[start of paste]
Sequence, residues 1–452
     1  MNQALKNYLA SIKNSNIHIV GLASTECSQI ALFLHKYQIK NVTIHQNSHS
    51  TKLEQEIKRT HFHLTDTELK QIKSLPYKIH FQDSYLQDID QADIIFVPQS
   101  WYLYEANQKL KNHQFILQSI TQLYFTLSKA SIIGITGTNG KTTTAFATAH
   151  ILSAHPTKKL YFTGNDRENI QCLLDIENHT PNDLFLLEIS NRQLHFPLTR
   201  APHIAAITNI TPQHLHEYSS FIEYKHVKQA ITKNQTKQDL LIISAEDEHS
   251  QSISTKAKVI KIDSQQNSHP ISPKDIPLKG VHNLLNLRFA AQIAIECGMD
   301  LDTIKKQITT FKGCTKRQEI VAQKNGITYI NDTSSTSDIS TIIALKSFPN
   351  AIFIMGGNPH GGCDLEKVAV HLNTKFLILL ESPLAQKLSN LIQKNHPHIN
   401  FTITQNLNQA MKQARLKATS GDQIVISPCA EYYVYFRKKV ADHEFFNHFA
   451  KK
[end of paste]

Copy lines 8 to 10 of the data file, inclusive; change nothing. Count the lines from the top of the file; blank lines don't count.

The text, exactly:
   301  LDTIKKQITT FKGCTKRQEI VAQKNGITYI NDTSSTSDIS TIIALKSFPN
   351  AIFIMGGNPH GGCDLEKVAV HLNTKFLILL ESPLAQKLSN LIQKNHPHIN
   401  FTITQNLNQA MKQARLKATS GDQIVISPCA EYYVYFRKKV ADHEFFNHFA